In other words, the current “85% taxable cap” established by the federal government on Social Security income exists because actuaries determined that no Social Security beneficiary had paid through Social Security withholding for more than 15% of his or her own benefits.  Since most beneficiaries are not “single highly paid males” (who have the highest ratio of taxes to benefits), the existing treatment of Social Security is not double taxation but, in reality, a more favorable tax treatment than private pension income.

Seniors are on fixed incomes and are more economically vulnerable – It’s true that younger working households may generally have more income generating opportunities than senior households with the same incomes.  It’s also true that over the last nearly 50 years, as the accompanying graphic shows, seniors are the undisputed heavyweight champion in improving their income status.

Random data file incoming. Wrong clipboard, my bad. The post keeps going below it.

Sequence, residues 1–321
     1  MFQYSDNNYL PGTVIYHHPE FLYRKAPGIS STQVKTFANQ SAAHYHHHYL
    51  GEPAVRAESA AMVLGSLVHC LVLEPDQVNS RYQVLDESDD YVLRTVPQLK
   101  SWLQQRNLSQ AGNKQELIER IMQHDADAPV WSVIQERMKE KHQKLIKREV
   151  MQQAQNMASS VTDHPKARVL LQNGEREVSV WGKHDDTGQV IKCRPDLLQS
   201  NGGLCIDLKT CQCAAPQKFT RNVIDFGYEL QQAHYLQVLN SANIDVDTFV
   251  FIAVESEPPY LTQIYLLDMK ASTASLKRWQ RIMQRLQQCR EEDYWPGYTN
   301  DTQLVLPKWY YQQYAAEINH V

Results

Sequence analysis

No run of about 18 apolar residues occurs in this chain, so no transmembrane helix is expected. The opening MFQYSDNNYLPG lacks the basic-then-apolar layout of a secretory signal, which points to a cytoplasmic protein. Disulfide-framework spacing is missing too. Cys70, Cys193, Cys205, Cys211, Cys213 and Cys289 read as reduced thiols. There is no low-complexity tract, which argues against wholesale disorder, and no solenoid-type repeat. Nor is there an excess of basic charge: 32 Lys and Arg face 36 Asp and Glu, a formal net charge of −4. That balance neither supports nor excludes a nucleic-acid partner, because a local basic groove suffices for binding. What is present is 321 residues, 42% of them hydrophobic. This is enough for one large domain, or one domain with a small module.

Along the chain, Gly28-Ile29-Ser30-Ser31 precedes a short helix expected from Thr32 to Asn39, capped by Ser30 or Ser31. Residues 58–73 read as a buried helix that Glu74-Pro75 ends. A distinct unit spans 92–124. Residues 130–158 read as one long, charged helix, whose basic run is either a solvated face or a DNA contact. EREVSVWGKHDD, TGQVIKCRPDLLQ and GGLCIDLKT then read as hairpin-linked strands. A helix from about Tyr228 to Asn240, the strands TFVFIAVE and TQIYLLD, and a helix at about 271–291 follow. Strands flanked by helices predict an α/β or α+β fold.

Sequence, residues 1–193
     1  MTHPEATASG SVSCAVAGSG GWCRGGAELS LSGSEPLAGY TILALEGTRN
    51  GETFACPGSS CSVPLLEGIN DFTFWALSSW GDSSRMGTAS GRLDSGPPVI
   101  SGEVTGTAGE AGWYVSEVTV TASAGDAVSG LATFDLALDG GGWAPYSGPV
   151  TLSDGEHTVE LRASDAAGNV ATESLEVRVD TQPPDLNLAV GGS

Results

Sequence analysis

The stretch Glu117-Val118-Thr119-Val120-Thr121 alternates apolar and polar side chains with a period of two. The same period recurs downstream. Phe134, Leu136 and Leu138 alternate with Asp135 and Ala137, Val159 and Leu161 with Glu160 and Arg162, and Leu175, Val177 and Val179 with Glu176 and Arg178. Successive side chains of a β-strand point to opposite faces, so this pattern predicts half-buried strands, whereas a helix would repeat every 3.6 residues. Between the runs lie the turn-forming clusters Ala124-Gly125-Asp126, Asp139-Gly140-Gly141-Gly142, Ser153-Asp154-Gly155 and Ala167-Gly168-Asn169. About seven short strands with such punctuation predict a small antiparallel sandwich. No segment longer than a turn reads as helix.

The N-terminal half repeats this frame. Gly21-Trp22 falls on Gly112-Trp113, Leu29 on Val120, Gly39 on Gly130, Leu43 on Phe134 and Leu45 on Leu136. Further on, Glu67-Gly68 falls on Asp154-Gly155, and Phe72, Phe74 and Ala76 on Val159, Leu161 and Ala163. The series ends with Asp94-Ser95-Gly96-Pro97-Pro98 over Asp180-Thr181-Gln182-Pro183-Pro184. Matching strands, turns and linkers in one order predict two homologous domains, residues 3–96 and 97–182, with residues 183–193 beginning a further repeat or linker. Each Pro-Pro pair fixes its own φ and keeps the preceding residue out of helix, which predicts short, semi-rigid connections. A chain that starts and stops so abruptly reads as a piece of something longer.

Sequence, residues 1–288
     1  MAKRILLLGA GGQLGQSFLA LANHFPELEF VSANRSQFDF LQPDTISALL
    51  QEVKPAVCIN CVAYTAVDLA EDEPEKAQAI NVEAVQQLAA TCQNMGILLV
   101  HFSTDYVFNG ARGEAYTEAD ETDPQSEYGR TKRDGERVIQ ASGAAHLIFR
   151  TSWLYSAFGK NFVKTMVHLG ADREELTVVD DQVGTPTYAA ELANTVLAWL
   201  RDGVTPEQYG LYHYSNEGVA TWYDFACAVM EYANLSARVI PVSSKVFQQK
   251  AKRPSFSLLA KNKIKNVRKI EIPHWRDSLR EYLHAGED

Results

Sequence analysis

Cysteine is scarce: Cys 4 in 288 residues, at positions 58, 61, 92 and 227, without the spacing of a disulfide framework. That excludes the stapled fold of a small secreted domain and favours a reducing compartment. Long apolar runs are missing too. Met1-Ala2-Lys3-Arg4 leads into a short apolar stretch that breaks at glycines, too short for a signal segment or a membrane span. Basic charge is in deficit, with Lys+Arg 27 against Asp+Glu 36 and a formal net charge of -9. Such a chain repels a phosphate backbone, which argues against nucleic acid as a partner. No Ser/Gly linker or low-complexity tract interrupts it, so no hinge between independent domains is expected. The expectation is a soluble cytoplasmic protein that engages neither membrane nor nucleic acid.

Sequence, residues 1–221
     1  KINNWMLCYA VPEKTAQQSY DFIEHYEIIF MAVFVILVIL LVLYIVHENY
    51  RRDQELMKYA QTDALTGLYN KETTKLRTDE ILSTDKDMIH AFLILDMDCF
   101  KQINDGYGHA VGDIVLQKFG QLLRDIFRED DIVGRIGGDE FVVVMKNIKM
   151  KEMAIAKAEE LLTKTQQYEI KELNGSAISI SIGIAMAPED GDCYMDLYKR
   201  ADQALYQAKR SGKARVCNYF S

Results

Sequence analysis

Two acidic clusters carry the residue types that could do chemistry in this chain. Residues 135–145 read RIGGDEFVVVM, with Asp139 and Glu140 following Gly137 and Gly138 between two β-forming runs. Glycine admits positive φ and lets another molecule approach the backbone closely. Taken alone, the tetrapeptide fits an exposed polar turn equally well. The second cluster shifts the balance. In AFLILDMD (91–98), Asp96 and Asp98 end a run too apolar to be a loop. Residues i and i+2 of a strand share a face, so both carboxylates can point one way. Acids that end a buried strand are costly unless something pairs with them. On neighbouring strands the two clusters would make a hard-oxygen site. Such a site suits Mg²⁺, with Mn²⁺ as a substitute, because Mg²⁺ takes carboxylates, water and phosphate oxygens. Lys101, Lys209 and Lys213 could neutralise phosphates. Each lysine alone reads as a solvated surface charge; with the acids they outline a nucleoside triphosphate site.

As Pew notes, “The biggest winners overall are people ages 65 and older.  They are most likely to have moved up the income ladder since both 1971 and 2001. They are less likely to be lower income and more likely to be upper income than they used to be.  Other age groups gained only slightly or lost ground.”[2]   Pew also notes this change in the economic status of older adults may actually be understated since only income is included and not wealth.   Another study found while the average married elderly household had total income equal to 64% of non-elderly households in 1990, by 2013 that percentage had grown to 101%.[3]  These significant gains have been achieved with the federal government taxing Social Security benefits at much higher marginal rates than states for over 35 years.